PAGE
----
Last summer, I spent two months in India on an AIESEC internship. Immersed in the depths, it was one of the most challenging, rewarding, and bewildering cultures that I have yet to experience.
Twelve days into my stay in India, I attempted to explain the culture in my blog:
“The traffic of India reflects the culture in which they live. You can learn to move with the traffic, jump into the sea of cars and become a part of the chaos and the uncertainty. Once in the traffic you must stay completely aware of your surroundings, but everyone else knows you’re there too so even if you take your time you won't get hit.”
To explain this post, I have broken it down into three points that could apply to the experience of any overseas intern when they make the potentially life-changing decision to “jump into the sea of cars”:
1) Expect the unexpected: “You can learn to move with the traffic—become a part of the chaos and the uncertainty.”
So here you are. In the land of unexpected experiences: where a meeting time becomes three hours later; where a 12-hour bus ride from the mountains becomes 30 hours; where the water in your building stops on the hottest day since you’ve arrived; where you find yourself squished in an auto-rickshaw with five people stuck in a foot-deep puddle in the dark on the only rainy day of the summer, as cars swerve around you grazing the edge of the auto. Yes, these types of things will probably happen, and they are my live accounts of what I experienced, but I don’t want to give too much away.
If you are the type of person who thrives in an organized setting, where people and places follow plans and order, it may now be time to let this side of you go. I am not saying to forget about this crucial part of your day-to-day lifestyle, but to sit down before you depart on the plane and plan to be surprised. Plan to be challenged by the idea of things not going as planned.
If you reach this part in your India experience, you will start to see the true beauty of learning and understanding the intricacies of another culture. How do you reach this point you wonder? Well, my next two points may help with that.
2) Be open-minded and accepting: “Once in the traffic, you must stay completely aware of your surroundings.”
Of course, if you’ve decided to do an internship in India, you have already shown that you have the quality of being open-minded. However, I have found that is it one thing to say it, and it is another to live it.
One of the ways that I survived my Indian experience was by accepting the differences in people’s beliefs. There were moments when I was truly taken aback by the actions of the locals; when my moral code felt breached; or I struggled to believe that a young boy was maintaining our household, taking out the garbage of 25 interns and cleaning our floors every day.
Even though I was confronted with “surprises” on a daily basis, I soon began to accept them as everyday experiences. I was in a developing country with millions of people living on the streets under shacks and pressed against garbage piles, many of whom are kids and elderly and I was about to be discouraged that my water stopped running for the day? I would not be an intern that rejects the culture around him or her. What I would suggest is that once you have started your own journey, ask yourself, will you open your mind and accept what the culture has to offer?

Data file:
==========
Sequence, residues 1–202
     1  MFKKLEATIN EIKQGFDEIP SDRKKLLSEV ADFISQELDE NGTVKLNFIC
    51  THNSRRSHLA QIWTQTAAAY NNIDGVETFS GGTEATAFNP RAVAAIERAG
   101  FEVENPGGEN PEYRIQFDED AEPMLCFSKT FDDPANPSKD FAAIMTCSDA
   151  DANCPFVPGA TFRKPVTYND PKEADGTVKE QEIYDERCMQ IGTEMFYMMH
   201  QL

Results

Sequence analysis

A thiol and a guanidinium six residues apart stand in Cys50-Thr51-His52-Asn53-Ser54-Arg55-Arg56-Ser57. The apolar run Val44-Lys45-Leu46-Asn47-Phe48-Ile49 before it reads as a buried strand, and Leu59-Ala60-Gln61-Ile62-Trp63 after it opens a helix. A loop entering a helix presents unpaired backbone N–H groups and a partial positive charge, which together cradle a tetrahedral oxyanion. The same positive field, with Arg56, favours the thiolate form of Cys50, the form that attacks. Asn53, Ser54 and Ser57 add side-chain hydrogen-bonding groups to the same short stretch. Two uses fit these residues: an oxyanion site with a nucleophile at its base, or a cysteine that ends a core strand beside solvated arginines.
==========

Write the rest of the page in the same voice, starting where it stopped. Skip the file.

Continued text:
3) It’s all about YOU: “But everyone else knows you’re there too so even if you take your time you won't get hit.”
This last point may be the most important. I believe it is self-evident, but often it becomes hidden in the intensity of culture shock that sometimes overwhelms interns. At the end of your journey, you will realize that what you had experienced was all up to you. The intern experience is truly, and will always be, about the people. These people being the intern and those around you that you share this experience with.
Someone can’t tell you how to live your experience by saying that you will love seeing the grand Taj Mahal. (From my own point of view, I had seen more extravagant views than this building despite its beauty.) What I believe is that whether you love or hate your experience is a decision that you make. You can decide to take that 12-hour (or more, depending on the day) bus ride to the mountains at the risk of a tire exploding or a monsoon mudslide stopping traffic, or you can sit in your room and write a blog post complaining about the water blockage or the fans breaking.
Your experience is what you make it, so jump into the traffic, expect the unexpected, open your mind and accept that it’s all about you.
Jacqueline Stol is a fourth-year student studying Psychology at the University of Ottawa. After spending two months in India teaching underprivileged children, Jackie joined the AIESEC chapter in her university to become the Vice President of Outgoing Exchange, the title she currently holds. Through this role, Jackie hopes to provide students with life-changing experiences similar to the one she encountered. Jackie’s travel blog from India can be found here.Add this article to your reading list